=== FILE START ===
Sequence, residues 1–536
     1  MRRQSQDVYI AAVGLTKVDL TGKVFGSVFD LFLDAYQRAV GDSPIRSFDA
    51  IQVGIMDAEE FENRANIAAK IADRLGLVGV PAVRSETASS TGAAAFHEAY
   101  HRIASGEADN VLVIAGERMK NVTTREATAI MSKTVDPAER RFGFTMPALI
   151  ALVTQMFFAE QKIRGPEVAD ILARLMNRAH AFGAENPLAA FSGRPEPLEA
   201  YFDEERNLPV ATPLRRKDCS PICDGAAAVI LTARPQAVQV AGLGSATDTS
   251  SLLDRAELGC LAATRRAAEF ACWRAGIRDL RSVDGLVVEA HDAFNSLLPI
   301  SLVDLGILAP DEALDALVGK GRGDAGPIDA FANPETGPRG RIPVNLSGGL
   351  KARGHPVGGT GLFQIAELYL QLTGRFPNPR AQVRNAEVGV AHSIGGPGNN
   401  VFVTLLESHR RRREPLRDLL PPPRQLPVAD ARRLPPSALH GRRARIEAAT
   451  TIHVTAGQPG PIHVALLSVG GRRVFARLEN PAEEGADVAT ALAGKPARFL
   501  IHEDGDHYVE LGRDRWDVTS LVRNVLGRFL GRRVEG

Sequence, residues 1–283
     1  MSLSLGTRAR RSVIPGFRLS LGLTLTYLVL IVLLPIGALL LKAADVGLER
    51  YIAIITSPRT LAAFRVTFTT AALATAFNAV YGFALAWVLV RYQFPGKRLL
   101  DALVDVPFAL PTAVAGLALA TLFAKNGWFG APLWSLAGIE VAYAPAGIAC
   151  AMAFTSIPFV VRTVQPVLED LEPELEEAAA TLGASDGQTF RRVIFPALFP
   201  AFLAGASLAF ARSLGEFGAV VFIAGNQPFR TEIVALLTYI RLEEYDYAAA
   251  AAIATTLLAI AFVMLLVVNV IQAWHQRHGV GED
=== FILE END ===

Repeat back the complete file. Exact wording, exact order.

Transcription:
Sequence, residues 1–536
     1  MRRQSQDVYI AAVGLTKVDL TGKVFGSVFD LFLDAYQRAV GDSPIRSFDA
    51  IQVGIMDAEE FENRANIAAK IADRLGLVGV PAVRSETASS TGAAAFHEAY
   101  HRIASGEADN VLVIAGERMK NVTTREATAI MSKTVDPAER RFGFTMPALI
   151  ALVTQMFFAE QKIRGPEVAD ILARLMNRAH AFGAENPLAA FSGRPEPLEA
   201  YFDEERNLPV ATPLRRKDCS PICDGAAAVI LTARPQAVQV AGLGSATDTS
   251  SLLDRAELGC LAATRRAAEF ACWRAGIRDL RSVDGLVVEA HDAFNSLLPI
   301  SLVDLGILAP DEALDALVGK GRGDAGPIDA FANPETGPRG RIPVNLSGGL
   351  KARGHPVGGT GLFQIAELYL QLTGRFPNPR AQVRNAEVGV AHSIGGPGNN
   401  VFVTLLESHR RRREPLRDLL PPPRQLPVAD ARRLPPSALH GRRARIEAAT
   451  TIHVTAGQPG PIHVALLSVG GRRVFARLEN PAEEGADVAT ALAGKPARFL
   501  IHEDGDHYVE LGRDRWDVTS LVRNVLGRFL GRRVEG

Sequence, residues 1–283
     1  MSLSLGTRAR RSVIPGFRLS LGLTLTYLVL IVLLPIGALL LKAADVGLER
    51  YIAIITSPRT LAAFRVTFTT AALATAFNAV YGFALAWVLV RYQFPGKRLL
   101  DALVDVPFAL PTAVAGLALA TLFAKNGWFG APLWSLAGIE VAYAPAGIAC
   151  AMAFTSIPFV VRTVQPVLED LEPELEEAAA TLGASDGQTF RRVIFPALFP
   201  AFLAGASLAF ARSLGEFGAV VFIAGNQPFR TEIVALLTYI RLEEYDYAAA
   251  AAIATTLLAI AFVMLLVVNV IQAWHQRHGV GED